A child needs to develop a relationship with at least one primary caregiver continuous because it is necessary for emotional and intellectual development

A child needs to develop a relationship with at least one primary caregiver continuous because it is necessary for emotional and intellectual development, and provides a template for future relationships (Bowlby, 1958). There have been numerous studies that argue positive relationships in early childhood then develop healthy relationships in later life. If a child’s first experience is of a loving relationship, then they will assume that all relationships should be the same. The aim of this essay is to evaluate the evidence for the claim that secure attachments in early childhood have positive consequences for later development. This essay will outline the different theories of attachment in psychology (Bowlby’s explanation, —) and how they have had an impact in later development. Psychologists would define a ‘secure attachment’ as having positive consequences for later development as “infant and young child should experience a warm, intimate and continuous relationship between child and mother (or permanent mother-substitute) in which both find satisfaction and enjoyment” (Bowlby, 1951, p.11).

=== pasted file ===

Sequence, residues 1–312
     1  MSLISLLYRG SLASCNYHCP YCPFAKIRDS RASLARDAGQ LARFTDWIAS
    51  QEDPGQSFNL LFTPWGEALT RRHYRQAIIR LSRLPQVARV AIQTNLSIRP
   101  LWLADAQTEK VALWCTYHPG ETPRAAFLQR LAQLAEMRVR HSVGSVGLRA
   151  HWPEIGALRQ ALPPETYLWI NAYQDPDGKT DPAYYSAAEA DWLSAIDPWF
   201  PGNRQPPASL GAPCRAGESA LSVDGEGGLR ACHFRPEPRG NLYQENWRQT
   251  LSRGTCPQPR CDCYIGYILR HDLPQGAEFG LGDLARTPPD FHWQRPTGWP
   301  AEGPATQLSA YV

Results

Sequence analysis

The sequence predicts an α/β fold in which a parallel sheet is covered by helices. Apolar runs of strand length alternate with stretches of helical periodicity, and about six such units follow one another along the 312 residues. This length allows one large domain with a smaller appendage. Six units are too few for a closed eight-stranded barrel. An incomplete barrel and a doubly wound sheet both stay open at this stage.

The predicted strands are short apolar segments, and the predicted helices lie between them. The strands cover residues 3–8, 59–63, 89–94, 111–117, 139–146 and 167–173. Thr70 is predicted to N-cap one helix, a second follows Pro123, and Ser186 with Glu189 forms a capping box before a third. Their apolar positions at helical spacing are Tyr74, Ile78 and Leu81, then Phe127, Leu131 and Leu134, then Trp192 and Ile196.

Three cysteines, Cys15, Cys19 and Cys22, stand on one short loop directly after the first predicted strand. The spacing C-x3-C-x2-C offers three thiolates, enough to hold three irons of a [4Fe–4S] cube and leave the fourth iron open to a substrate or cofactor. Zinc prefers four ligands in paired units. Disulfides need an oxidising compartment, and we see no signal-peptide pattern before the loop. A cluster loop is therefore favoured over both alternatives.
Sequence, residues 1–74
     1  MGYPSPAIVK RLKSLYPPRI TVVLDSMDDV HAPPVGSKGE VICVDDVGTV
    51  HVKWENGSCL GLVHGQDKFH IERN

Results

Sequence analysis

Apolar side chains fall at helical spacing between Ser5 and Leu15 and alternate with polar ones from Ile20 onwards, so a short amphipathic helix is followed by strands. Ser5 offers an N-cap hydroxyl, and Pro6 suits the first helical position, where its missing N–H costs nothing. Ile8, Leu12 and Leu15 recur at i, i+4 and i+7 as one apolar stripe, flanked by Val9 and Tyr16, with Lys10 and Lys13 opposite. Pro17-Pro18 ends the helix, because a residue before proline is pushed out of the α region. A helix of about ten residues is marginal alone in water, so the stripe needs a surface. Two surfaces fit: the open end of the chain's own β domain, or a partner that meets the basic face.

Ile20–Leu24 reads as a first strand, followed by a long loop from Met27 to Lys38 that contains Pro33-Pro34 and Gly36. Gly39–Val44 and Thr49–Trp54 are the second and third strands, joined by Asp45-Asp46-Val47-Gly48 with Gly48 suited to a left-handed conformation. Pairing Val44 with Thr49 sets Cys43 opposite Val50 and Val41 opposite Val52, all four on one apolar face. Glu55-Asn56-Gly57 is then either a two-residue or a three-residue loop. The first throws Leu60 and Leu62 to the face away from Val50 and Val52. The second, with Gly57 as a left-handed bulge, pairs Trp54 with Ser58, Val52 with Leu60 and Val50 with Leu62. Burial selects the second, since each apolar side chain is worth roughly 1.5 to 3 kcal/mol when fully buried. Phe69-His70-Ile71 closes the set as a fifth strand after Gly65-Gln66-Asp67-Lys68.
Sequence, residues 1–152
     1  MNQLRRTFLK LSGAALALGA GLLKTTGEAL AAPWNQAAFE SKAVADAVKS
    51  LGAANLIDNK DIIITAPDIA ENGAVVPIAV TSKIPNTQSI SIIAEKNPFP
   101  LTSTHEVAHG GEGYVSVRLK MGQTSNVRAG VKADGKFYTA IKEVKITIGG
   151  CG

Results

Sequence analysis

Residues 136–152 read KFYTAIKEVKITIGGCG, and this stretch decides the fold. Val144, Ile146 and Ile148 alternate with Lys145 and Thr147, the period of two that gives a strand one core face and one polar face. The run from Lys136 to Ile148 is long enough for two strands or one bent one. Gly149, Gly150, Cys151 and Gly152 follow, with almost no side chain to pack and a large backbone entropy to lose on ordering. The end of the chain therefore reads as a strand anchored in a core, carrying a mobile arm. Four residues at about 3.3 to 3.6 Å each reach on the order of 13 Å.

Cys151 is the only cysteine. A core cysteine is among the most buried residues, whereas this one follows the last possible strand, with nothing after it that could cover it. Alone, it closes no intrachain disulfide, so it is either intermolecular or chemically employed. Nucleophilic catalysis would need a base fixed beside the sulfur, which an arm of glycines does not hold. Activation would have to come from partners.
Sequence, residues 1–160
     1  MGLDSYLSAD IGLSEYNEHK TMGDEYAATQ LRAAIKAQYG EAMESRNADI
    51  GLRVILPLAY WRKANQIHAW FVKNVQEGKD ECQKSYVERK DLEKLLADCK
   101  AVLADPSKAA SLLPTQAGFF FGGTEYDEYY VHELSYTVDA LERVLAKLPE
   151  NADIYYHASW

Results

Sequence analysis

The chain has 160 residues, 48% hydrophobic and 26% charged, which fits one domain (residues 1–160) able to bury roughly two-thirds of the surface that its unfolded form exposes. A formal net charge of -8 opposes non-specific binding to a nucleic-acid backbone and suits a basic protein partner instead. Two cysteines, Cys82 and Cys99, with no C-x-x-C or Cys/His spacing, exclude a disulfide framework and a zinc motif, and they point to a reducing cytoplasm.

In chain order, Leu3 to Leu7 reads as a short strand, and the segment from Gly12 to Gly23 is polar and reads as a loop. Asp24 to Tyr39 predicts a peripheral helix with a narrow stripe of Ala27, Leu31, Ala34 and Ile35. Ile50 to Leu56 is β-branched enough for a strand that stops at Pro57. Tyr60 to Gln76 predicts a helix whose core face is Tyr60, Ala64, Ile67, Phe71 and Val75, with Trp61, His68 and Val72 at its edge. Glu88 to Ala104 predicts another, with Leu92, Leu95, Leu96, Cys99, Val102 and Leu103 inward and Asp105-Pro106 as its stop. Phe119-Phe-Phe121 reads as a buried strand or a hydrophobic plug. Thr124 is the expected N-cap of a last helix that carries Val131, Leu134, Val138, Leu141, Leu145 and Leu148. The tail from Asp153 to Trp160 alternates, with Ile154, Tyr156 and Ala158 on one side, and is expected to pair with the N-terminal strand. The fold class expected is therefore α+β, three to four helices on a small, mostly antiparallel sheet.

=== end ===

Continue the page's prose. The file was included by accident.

Bowlby (1907-1990) defines attachment as a ‘lasting psychological connectedness between human minds’ (1969, p.194. He argues, attachment is innate like imprinting because it offers the best survival advantage. If a child feels threatened or upset they will seek proximity from the attachment figure (Bowlby, 1969). Bowlby carried out a study on 44 juvenile thieves and found that they were deprived of maternal care (losing emotional care because of separation) and affection in childhood. All ‘thieves’ were interviewed for signs of affectionless psychopathy characterised by a lack of affection and empathy, 14 of the 44 ‘thieves’ could be described as affectionless psychopaths of these, 12 had experienced prolonged separation from their mothers in the first 2 years of their lives. In contrast only 5 of the remaining 30 ‘thieves’ had experienced separations. This suggests prolonged early separation/deprived caused affectionless psychopathy. Bowlby would argue that there is a ‘sensitive period’ in which a baby will form an attachment to a primary caregiver, usually the mother. If the attachment wasn’t formed within two years, it would then be hard to form it (Bowlby, 1951). Bowlby suggests that a child forms mental presentation of the relationship with their caregiver, this then serves as a template for future relationships. This is because if a child forms a positive working model of themselves and others, they will then carry these ideas into new relationships. This could show how unsecure attachments in childhood affect relationships in later relationships because people wouldn’t expect a healthy relationship as they’ve never had one. However, Bowlby may have over emphasised the role of attachment. A child’s temperament is important in the development of social behaviour. Temperament researchers suggest that some babies are more anxious and some sociable than others as a result of their genetic make-up. So, temperament differences rather than quality of attachment can explain late social behaviour.